Akerman LLP expanded its Consumer Financial Services Practice Group (CFSPG) with the addition of Mary Calkins to the firm’s Washington, D.C. office. Calkins, a founding member of the Consumer Financial Protection Bureau, led investigations on potential consumer protection violations for the CFPB’s Division of Supervision, Enforcement & Fair Lending. Some of her enforcement matters involved auto finance, servicing, credit reporting, and debt collection.
Joining CFSPG provides Calkins the opportunity use her prior experience dealing with the CFPB’s fair lending exams to help guide clients through the supervisory exam process and to resolve enforcement actions, she said. Calkins spoke with AFN about her initiatives, innovative ideas, and reasoning for her CFPB departure. Following are edited excerpts from the interview:
AFN: What are your primary goals and initiatives going forward in this new role?
MC: The CFPB has been active in the auto finance space and will scrutinize powersport lending, too. I am well-positioned to help the entire industry navigate the increasingly complex regulatory requirements. Besides my CFPB experience with auto finance exams, enforcement and fair lending, I also bring powersport industry insight thanks to my deep ties to the motorcycle racing and street bike industries.
AFN: What innovative ideas will you bring to the table?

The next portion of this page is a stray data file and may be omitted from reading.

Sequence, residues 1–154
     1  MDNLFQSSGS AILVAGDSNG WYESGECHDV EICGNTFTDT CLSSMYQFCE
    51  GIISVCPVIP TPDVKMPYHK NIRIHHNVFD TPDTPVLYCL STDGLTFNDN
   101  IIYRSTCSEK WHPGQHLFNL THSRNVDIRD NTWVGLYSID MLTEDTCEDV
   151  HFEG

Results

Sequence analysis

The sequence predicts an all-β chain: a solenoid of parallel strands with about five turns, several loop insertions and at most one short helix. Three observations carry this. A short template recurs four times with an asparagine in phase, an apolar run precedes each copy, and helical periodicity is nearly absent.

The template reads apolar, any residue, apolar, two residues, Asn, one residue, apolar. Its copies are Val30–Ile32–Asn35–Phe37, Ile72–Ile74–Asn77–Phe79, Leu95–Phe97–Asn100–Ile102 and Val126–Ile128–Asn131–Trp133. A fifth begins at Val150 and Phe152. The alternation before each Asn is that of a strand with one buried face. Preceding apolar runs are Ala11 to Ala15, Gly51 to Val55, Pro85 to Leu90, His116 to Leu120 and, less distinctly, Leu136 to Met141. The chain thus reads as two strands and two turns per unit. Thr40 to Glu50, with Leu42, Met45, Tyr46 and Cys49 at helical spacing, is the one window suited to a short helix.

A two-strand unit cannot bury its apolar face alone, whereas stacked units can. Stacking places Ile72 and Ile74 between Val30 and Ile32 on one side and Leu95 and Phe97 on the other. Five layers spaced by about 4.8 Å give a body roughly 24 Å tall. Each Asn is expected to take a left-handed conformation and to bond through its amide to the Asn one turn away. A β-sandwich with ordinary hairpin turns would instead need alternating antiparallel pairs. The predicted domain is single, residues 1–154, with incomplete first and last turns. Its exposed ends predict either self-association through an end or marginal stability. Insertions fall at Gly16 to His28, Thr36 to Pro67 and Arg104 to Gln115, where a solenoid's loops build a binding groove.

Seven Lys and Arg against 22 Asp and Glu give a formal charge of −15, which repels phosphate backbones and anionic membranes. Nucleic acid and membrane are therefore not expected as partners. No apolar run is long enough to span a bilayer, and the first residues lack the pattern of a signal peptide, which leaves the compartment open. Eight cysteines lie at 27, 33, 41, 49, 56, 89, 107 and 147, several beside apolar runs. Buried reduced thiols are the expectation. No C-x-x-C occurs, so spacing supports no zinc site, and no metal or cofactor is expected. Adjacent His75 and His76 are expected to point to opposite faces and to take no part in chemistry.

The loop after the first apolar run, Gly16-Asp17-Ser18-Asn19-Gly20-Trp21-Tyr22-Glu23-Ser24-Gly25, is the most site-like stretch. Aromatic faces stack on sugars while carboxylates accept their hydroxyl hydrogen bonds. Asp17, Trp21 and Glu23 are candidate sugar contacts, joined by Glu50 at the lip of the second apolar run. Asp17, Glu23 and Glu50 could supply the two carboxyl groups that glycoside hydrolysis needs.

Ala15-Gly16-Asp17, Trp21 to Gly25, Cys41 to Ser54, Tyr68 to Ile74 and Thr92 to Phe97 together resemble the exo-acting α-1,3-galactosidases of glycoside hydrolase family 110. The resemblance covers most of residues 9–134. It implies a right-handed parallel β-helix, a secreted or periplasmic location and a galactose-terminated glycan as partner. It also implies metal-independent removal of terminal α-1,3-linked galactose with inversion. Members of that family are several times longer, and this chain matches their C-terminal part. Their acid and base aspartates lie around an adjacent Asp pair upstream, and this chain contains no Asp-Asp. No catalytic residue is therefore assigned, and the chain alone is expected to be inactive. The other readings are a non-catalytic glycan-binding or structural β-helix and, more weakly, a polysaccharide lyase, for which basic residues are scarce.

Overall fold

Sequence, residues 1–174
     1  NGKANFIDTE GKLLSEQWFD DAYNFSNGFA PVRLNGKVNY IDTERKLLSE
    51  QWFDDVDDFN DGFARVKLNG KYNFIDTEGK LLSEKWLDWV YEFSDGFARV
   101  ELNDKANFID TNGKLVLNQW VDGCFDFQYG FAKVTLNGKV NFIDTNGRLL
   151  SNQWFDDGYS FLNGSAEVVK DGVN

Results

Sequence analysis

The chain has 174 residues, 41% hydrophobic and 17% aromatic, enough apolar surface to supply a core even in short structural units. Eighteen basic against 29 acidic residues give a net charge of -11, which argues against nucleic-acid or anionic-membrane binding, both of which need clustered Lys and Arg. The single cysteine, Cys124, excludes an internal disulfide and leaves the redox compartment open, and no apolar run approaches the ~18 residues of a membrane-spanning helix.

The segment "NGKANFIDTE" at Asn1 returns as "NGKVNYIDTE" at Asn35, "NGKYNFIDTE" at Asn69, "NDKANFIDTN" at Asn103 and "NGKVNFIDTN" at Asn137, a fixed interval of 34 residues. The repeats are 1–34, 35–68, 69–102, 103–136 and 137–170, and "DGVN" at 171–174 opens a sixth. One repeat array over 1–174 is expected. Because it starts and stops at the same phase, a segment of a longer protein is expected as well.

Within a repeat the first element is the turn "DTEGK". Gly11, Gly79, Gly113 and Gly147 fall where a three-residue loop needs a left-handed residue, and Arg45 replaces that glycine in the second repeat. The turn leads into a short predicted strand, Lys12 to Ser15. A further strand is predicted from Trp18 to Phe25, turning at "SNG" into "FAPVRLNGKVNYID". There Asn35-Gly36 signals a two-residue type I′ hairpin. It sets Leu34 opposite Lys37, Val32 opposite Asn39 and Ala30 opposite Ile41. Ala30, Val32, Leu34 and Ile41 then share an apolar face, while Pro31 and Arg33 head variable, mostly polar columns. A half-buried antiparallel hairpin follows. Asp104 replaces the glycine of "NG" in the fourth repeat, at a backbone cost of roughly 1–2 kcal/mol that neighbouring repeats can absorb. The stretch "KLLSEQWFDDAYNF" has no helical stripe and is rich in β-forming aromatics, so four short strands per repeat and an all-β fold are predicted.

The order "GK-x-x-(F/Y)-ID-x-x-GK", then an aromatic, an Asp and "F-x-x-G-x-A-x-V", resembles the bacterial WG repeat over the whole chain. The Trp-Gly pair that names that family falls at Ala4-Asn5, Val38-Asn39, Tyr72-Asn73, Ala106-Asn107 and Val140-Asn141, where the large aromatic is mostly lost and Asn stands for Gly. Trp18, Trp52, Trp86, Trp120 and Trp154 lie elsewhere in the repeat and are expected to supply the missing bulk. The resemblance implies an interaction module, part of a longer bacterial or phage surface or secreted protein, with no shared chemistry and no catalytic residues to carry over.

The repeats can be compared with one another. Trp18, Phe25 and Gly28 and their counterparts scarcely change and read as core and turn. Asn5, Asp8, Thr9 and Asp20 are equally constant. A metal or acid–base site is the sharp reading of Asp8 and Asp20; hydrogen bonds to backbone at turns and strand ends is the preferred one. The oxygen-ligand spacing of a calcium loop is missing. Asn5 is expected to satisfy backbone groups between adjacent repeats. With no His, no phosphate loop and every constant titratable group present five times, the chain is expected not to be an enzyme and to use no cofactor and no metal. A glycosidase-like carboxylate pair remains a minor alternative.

MC: As the CFPB begins to scrutinize arbitration clauses, my experience on its Arbitration Study will help lenders and dealers adjust their financing contracts in creative, compliant ways. Similarly, I will apply CFPB experience to help the industry navigate the subprime lending waters, enhance dealer and vendor management policies, and serve its large, loyal service member consumer base. Having conducted CFPB investigations, drafted, served, and negotiated civil investigative demands, I provide clients with innovative ideas for fielding regulatory inquiries.
AFN: Given the executive movement in the auto finance industry recently — particularly with individuals departing the CFPB — what was your reason for moving to this role?
MC: The CFPB was a dynamic place to work in its early days. I joined at the outset — before the agency even officially opened for business in July 2011 — and enjoyed helping it build. Nearly five years in, I sought a faster pace than the agency could ultimately offer, and especially enjoy helping companies avoid regulatory tangles rather than dealing with violations that already occurred.
The interview originally appeared in the June issue of Auto Finance News.Like This Post